Job in chapter three asks the immediate question, “why me?”, but sets it within the larger question of “why do I exist in a created order that permits the sort of suffering that I have experienced?”  Anyone who has experienced suffering, from the loss of a child, a spouse, or of one’s own health, has felt the immediacy of such questions, and the terror that there may be no answer to them.   


The first of Job’s friends to speak, Epliphaz, offers a rebuttal that one often hears from the religious, that since suffering is not random (5.6), it must come from God as punishment for sin (4.7-8).   This argument is often reached for in moments of disaster; I have heard it offered as an explanation for the Covid-19 pandemic, just as it was advanced for AIDs in the 1980s and for the 9-11 attacks of 2001.   Jesus in the gospels is often asked if sufferings and disease are caused by sin, and he never answers in the affirmative.  Even Eliphaz’ point about children being “crushed in the gate” would put the blame upon Job’s dead children for their house collapsing on them!  His argument is essentially, turn back to God, regain favour with him, and all will be well.   As we work through Job, we will be frequently challenged to sort out the bad arguments from the lofty prose of Job’s friends.







If a friend told you what God was punishing you for your misfortune, how would you react?   What would you say in response to Eliphaz? 

What other questions come to mind in today’s passages?




Let us pray to God,

whose word was entrusted to the Apostles

and has spread to all the world.


For the Church of the living God throughout the world, let us ask the riches of his grace.  Today we pray in the Anglican Communion Cycle of Prayer for the clergy and people of these Dioceses and for their bishops:  Kibondo (Tanzania) The Rt Revd Sospeter Ndenza; Kigali (Rwanda) The Rt Revd Nathan Amooti Rusengo; Kigeme (Rwanda) The Rt Revd Assiel Musabyimana 

 In our Diocesan cycle, we pray for the clergy and people of Christ Church, Woodbridge.


Empower your Church to proclaim the saving message of Jesus Christ.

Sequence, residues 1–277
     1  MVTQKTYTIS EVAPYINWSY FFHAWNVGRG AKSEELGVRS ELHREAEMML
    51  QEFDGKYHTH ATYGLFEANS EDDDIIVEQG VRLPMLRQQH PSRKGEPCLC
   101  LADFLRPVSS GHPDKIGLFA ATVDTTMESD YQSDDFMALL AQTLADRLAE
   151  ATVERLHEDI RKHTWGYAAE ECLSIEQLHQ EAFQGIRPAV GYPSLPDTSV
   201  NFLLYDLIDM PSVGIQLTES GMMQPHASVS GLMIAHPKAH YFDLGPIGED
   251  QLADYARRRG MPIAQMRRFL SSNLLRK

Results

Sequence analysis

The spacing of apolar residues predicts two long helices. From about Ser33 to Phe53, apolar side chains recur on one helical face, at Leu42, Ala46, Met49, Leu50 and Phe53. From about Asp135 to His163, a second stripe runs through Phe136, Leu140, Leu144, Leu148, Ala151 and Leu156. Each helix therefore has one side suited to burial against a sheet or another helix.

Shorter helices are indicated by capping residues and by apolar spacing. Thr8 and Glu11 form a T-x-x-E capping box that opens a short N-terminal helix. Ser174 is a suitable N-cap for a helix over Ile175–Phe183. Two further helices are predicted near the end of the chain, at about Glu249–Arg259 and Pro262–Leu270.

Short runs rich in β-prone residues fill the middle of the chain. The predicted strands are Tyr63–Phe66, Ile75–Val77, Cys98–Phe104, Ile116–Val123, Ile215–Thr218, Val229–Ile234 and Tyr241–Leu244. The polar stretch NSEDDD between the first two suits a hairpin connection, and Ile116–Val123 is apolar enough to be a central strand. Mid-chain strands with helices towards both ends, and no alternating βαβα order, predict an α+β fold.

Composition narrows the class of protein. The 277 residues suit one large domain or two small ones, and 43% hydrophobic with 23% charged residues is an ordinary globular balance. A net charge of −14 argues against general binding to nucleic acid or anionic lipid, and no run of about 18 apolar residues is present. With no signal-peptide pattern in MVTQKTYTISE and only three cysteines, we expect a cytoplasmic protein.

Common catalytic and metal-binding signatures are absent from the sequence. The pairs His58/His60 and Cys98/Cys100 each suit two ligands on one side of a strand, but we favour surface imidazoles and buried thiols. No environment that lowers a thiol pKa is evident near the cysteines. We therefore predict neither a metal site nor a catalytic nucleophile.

Lord of mercy, spread your word.


Give us courage and strength to spread the Gospel in places

where it has not been preached.

Lord of mercy, spread your word.


Bless us in our personal lives that we may live fully according to Jesus’ example.

Lord of mercy, spread your word.


Open our eyes to your Word in the Holy Scriptures

that we find new paths of understanding.

Lord of mercy, spread your word.


Remember, in your mercy, those who have gone before

marked with the sign of faith and led by the Gospel.

Lord of mercy, spread your word.



The Lord’s Prayer


Our Father, who art in heaven, hallowed be thy name, thy kingdom come, thy will be done, on earth as it is in heaven. Give us this day our daily bread. And forgive us our trespasses, as we forgive those who trespass against us. And lead us not into temptation but deliver us from evil. For thine is the kingdom, the power, and the glory, for ever and ever. Amen.






Almighty and everlasting God, who gave to your apostle Bartholomew grace to believe and preach your word, may your Church truly love what he believed and faithfully preach what he taught; through Jesus Christ our Lord, who lives and reigns with you and the Holy Spirit, one God, now and for ever.   Amen.


Almighty God, we are taught by your word that all our doings without love are worth nothing.  Send your Holy Spirit and pour into our hearts that most excellent gift of love, the true bond of peace and of all virtue; through Jesus Christ our Lord, who lives and reigns with you and the Holy Spirit, one God, now and for ever. Amen.


Let us bless the Lord.

Thanks be to God.